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Militant Visions

Black Soldiers, Internationalism, and the Transformation of American Cinema

Elizabeth Reich (author)

ISBN: 9780813572581

Publication Date: Jun 2016

Format: Hardback

Also available as: Paperback  

Examines how, from the 1940s to the 1970s, the cinematic figure of the black soldier helped change the ways American moviegoers saw Black men, for the first time presenting African Americans as vital and integrated members of the nation. Elizabeth Reich traces the figure across a wide variety of movie genres, from action blockbusters to patriotic musicals.
£103.00

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When asked to name the first "militant" Black characters in film, we might imagine Blaxploitation heroes like Sweetback or Shaft. Yet, as this groundbreaking new book shows, there was a much earlier cycle of films featuring militant Black men - many of which were sponsored by the U.S. government.

Militant Visions examines how, from the 1940s to the 1970s, the cinematic figure of the black soldier helped change the ways American moviegoers saw Black men, for the first time presenting African Americans as vital and integrated members of the nation. Elizabeth Reich traces the figure across a wide variety of movie genres, from action blockbusters like Bataan to patriotic musicals like Stormy Weather. In the process, she reveals how the image of the proud and powerful African American serviceman was crafted by an unexpected alliance of government propagandists, civil rights activists, and Black filmmakers.

Offering a nuanced reading of a figure that was simultaneously conservative and radical, Reich considers how the cinematic Black soldier lent a human face to ongoing debates about racial integration, Black internationalism, and American militarism. She reads the Black soldier in film as inherently transnational, shaped by the displacements of diaspora, Third World revolutionary philosophy, and a legacy of Black artistry and performance. Militant Visions thus not only presents a new history of how American cinema represented race, it also demonstrates how film images helped to make history, shaping the progress of the civil rights movement itself.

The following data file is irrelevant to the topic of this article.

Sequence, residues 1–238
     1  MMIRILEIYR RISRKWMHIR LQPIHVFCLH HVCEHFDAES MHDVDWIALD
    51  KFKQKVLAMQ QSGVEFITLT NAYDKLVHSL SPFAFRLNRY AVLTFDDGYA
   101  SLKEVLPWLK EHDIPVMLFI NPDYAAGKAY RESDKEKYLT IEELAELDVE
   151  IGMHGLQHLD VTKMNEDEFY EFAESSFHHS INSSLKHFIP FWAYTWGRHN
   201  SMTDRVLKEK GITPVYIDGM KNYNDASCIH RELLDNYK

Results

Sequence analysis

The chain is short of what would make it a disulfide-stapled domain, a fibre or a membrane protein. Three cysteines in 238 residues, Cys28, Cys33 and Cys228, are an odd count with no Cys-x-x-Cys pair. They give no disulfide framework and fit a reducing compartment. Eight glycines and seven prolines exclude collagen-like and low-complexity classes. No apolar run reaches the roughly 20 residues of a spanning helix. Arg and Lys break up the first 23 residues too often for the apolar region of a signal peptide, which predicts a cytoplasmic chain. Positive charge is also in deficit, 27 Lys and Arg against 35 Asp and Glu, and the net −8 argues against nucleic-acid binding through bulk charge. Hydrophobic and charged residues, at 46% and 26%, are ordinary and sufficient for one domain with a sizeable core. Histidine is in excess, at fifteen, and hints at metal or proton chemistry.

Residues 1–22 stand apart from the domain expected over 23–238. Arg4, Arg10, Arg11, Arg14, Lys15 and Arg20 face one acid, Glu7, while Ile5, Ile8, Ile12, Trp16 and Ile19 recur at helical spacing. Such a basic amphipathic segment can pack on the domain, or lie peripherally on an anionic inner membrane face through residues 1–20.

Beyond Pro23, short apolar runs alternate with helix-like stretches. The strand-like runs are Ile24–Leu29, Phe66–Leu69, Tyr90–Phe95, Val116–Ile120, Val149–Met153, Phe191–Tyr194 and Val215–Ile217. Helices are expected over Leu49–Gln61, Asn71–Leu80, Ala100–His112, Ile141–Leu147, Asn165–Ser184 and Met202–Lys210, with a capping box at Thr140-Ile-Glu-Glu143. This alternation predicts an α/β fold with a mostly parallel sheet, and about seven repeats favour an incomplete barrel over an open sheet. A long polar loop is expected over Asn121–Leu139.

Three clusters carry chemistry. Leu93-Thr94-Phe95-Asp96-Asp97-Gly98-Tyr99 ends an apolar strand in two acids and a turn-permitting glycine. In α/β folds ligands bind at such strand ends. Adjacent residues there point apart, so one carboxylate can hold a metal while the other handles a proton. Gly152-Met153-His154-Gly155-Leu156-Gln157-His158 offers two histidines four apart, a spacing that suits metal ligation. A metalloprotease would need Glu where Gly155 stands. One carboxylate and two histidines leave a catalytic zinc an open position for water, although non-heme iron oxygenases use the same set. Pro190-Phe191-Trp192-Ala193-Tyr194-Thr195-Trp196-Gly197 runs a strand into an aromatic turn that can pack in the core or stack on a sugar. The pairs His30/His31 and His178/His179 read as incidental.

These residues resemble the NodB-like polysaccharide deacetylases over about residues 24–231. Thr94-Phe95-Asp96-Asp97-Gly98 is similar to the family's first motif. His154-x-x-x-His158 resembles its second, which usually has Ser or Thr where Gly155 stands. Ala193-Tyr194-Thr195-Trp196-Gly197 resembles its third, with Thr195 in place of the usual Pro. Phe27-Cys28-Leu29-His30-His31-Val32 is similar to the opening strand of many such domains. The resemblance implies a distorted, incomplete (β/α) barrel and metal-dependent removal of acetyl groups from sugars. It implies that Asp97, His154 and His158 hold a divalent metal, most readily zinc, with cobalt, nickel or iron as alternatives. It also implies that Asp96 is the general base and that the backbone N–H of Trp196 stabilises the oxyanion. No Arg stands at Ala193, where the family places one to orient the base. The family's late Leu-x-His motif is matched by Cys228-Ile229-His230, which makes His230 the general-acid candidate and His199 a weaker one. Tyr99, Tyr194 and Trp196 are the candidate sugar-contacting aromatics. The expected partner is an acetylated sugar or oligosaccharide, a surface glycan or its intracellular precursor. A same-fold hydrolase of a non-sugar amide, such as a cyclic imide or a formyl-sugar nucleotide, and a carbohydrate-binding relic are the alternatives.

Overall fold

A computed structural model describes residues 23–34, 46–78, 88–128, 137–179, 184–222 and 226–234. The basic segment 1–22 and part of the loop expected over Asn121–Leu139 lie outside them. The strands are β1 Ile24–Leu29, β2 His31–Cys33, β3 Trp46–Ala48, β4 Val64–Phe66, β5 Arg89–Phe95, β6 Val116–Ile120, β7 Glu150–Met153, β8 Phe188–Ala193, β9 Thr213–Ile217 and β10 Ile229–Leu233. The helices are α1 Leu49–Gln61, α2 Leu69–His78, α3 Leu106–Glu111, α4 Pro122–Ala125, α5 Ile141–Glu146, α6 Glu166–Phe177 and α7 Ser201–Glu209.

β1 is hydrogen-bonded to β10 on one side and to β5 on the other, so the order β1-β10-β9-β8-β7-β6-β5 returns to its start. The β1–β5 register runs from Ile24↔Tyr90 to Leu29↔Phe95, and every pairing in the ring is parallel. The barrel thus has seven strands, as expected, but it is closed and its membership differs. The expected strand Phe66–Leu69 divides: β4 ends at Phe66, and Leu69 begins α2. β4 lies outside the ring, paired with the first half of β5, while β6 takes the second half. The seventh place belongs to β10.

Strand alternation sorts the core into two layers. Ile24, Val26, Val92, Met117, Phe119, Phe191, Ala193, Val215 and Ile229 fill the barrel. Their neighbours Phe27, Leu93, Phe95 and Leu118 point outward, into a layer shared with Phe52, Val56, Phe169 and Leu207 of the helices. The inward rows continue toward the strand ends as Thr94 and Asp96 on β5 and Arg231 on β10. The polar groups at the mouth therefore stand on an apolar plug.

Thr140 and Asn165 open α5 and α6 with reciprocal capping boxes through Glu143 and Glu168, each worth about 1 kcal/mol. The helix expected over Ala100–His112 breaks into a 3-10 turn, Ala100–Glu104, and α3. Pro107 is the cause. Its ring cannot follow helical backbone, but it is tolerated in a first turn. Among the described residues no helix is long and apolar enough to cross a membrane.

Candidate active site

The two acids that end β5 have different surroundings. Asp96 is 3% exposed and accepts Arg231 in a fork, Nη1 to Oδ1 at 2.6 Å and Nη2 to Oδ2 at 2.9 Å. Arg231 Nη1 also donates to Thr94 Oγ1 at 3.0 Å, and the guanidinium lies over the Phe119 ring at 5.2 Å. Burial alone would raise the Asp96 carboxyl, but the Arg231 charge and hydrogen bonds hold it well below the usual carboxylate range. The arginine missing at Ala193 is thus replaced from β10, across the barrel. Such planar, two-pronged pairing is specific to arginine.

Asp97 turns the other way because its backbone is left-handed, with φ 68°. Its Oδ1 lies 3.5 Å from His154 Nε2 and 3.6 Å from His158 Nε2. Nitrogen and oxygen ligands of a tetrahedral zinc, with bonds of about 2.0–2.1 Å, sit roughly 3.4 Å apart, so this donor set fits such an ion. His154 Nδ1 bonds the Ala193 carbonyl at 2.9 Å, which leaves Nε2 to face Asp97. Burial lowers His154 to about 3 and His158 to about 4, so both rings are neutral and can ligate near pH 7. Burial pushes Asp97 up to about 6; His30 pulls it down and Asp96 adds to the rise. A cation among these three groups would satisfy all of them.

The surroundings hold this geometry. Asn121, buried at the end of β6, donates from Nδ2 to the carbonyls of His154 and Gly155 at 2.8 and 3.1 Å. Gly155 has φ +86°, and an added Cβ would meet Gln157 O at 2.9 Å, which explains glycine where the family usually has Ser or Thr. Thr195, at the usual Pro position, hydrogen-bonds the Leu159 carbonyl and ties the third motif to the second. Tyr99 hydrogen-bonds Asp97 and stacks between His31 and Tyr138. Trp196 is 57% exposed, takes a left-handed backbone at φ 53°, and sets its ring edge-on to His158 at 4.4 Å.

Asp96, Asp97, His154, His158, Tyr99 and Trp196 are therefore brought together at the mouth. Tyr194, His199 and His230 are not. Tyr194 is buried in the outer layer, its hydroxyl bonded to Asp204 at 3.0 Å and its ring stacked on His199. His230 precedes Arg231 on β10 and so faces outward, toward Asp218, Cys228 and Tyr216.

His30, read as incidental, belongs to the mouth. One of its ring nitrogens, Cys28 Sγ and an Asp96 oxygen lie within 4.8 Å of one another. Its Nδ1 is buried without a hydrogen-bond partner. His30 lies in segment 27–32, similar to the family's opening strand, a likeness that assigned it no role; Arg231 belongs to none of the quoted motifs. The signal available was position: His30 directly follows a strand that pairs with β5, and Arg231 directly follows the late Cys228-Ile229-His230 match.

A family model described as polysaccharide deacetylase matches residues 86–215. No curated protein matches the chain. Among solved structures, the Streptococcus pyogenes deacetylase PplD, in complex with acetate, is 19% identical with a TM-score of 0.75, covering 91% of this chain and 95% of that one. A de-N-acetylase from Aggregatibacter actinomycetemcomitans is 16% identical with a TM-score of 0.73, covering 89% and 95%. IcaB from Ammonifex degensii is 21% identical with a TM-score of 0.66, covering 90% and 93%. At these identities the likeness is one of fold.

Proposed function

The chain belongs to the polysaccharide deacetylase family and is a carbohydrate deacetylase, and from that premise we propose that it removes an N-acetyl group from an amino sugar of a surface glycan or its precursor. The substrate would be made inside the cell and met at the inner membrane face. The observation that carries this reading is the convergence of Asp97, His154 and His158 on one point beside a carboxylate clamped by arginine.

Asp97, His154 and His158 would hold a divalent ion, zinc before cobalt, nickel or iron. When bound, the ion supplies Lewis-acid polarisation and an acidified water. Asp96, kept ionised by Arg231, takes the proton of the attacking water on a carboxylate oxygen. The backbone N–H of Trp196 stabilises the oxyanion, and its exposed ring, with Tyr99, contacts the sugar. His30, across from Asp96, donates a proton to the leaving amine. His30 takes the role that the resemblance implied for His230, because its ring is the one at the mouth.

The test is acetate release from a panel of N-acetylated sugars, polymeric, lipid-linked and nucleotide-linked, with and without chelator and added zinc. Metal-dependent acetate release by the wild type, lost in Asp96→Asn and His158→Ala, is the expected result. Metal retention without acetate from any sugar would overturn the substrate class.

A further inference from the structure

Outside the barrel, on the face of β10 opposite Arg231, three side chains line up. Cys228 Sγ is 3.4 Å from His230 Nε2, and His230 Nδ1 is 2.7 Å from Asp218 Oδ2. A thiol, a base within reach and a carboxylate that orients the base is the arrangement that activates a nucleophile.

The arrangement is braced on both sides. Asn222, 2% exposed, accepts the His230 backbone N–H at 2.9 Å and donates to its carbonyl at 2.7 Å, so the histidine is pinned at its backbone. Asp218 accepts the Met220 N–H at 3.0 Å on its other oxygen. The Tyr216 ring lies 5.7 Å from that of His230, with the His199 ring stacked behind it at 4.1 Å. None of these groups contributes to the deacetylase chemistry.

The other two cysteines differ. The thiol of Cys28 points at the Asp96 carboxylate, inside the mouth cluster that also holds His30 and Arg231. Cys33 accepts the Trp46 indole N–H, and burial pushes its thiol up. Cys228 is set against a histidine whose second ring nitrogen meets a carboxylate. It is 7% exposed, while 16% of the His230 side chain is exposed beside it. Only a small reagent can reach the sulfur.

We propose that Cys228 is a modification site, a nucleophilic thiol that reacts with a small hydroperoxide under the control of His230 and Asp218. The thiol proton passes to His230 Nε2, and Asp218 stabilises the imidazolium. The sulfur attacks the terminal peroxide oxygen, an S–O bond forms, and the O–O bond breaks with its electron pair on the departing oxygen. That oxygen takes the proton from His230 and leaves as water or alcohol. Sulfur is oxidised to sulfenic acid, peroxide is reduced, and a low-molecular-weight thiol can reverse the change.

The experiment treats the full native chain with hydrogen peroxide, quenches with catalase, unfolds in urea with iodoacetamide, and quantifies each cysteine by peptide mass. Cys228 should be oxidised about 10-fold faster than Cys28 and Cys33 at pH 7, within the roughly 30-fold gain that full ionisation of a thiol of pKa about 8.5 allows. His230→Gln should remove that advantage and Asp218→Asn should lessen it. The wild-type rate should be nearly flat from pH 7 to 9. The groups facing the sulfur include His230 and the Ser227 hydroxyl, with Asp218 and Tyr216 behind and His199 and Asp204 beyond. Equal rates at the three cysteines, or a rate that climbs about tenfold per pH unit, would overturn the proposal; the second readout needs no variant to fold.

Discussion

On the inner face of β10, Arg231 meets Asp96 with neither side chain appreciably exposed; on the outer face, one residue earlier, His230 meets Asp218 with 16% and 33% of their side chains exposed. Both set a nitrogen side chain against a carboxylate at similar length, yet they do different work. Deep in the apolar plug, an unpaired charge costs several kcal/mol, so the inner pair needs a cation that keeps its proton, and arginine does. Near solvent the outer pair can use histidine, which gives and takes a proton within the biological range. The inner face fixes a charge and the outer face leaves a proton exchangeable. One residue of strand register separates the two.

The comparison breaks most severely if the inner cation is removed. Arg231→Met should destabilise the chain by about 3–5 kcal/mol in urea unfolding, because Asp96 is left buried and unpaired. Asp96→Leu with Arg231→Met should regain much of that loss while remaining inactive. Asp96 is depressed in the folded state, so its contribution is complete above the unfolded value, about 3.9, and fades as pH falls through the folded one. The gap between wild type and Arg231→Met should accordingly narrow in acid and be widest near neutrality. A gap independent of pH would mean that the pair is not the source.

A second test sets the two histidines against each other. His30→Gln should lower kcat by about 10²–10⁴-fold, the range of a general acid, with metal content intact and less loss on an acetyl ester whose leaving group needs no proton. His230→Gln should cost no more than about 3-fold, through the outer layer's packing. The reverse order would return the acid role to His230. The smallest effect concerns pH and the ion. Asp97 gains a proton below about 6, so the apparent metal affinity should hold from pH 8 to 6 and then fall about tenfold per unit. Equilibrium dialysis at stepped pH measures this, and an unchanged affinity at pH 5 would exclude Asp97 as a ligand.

Illustrations 7 photographs
Pages 192
Dimensions 229 x 152
Date Published 30 Jun 2016
Publisher Rutgers University Press
Subject/s History of the Americas   Media studies   Black & Asian studies   Film theory & criticism   Ethnic studies   Military history  
Elizabeth Reich is an assistant professor of film studies at Connecticut College in New London, USA. She is the coeditor of Film Criticism's special issue on "New Approaches to Cinematic Identification".

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